UU Women's Herstories
Lately I've been hearing from women who want to be sure our UU women's stories are not forgotten. So far I know of a few projects that are online:
I know there are more in the works. What's the herstory of your UU women's group? Maybe we can share these at GA this year.
Email me! -- Gretchen, email@example.com
Music for Women's History Month
Someone was asking -- what hymns in the UU Singing the Living Tradition (STLT) hymnal speak to women's history and/or are by women composers or lyricists? I did a bit of checking around. Hmm, I see we still have a ways to go. The STLT Index of Composers only lists around 80 women composers, arrangers or lyricists … out of several hundred. Which ones speak to you?
I especially like anything by Carolyn McDade: 121 We’ll Build A Land, 123 Spirit of Life, 346 Come Sing A Song with Me. I think she speaks more to present and universal experience than to history, but that's just me.
Margaret Fuller - A New American Life
Megan Marshall's book on Margaret Fuller is coming out March 4 in paperback. It's also available for tablet readers like Kindle and Nook.
"The award-winning author of The Peabody Sisters takes a fresh look at the trailblazing life of a great American heroine—Thoreau’s first editor, Emerson’s close friend, first female war correspondent, and passionate advocate of personal liberation and political freedom.
"From an early age, Margaret Fuller provoked and dazzled New England’s intellectual elite. Her famous Conversations changed women’s sense of how they could think and live; her editorship of the Transcendentalist literary journal The Dial shaped American Romanticism. Now, Megan Marshall, whose acclaimed The Peabody Sisters “discovered” three fascinating women, has done it again: no biography of Fuller has made her ideas so alive or her life so moving.
"Marshall tells the story of how Fuller, tired of Boston, accepted Horace Greeley’s offer to be the New York Tribune’s front-page columnist. The move unleashed a crusading concern for the urban poor and the plight of prostitutes, and a late-in-life hunger for passionate experience. In Italy as a foreign correspondent, Fuller took a secret lover, a young officer in the Roman Guard; she wrote dispatches on the brutal 1849 Siege of Rome; and she gave birth to a son.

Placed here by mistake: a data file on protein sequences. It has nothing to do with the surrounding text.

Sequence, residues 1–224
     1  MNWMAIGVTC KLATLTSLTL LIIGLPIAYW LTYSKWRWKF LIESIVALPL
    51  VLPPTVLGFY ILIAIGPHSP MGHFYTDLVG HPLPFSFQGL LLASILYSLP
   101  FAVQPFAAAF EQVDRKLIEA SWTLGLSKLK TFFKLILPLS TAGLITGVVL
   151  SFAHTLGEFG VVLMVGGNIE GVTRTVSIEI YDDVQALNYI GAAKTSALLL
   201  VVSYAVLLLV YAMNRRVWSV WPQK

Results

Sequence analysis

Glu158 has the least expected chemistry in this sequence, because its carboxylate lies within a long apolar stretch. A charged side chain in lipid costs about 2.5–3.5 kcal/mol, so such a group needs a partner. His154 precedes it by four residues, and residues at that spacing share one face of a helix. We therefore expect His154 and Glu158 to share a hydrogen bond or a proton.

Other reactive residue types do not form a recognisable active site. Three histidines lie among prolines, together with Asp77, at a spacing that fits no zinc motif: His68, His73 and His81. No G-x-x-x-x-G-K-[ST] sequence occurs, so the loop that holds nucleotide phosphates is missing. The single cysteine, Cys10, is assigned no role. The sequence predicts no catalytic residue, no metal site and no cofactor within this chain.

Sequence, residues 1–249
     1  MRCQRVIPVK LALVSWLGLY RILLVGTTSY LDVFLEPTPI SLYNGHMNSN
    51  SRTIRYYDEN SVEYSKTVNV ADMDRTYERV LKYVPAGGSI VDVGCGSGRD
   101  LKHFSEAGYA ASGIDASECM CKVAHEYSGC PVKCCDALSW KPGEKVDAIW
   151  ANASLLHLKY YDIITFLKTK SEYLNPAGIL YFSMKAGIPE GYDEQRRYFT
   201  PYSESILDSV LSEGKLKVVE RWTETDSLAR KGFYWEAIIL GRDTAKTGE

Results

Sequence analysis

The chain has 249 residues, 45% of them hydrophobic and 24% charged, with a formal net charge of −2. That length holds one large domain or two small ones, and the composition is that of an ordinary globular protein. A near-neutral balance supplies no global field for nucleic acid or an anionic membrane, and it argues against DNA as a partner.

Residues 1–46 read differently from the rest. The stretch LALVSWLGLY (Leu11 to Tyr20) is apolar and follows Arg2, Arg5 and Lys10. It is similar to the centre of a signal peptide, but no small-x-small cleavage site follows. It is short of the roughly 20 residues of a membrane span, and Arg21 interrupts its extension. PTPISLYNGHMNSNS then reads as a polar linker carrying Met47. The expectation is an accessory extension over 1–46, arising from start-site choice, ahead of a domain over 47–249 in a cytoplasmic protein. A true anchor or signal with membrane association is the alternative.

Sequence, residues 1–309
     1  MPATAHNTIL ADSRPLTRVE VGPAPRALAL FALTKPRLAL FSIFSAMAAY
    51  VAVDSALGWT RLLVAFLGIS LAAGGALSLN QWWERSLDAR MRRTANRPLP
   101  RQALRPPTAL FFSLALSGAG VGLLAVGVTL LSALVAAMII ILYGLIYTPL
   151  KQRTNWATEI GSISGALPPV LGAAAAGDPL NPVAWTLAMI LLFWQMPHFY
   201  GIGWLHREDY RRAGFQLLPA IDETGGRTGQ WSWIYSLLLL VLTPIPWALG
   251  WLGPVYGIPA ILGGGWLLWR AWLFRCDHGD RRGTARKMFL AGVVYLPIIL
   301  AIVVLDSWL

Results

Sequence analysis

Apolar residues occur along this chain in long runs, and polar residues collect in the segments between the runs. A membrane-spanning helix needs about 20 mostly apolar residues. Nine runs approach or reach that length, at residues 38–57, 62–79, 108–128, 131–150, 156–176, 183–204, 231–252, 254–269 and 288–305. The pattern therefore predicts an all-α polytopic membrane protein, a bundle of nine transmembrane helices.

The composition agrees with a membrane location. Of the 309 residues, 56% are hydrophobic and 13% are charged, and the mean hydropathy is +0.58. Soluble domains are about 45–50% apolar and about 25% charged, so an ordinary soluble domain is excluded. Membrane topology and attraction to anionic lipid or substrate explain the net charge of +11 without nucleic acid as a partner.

Yet, when all three died in a shipwreck off Fire Island shortly after Fuller’s 40th birthday, the sense and passion of her life’s work were eclipsed by tragedy and scandal. Marshall’s inspired account brings an American heroine back to indelible life."
International Convocation of UU Women's South American Pilgrimage
This Fall 2015 trip continues the tradition of ICUUW's two previous service-learning trips to India and the Philippines, providing educational experiences as well as personal bonds with our liberal religious sisters. Join us to gain a deeper understanding of social, economic, and environmental issues affecting the local community and the indigenous peoples, as well as to visit sacred religious sites in Bolivia (such as Salar de Uyuni, the world’s largest salt flat) and Peru (Machu Picchu).
Olga Flores, human rights activist and leader of a Unitarian Universalist community in La Paz, will accompany us on our journey of discovery, contributing relevant expertise and insights into our shared religious roots and the local culture.
Several days will be dedicated to a small gathering of liberal religious women in La Paz, where we will engage in a community capacity building effort called “Global Sisters Process,” a democratic decision-making process providing women with the necessary tools and skills to establish priorities and address them through consensual decision-making and action-planning.
Please communicate your interest in the tour to International Women's Convocation Executive Director Zsófia Sztranyiczki at firstname.lastname@example.org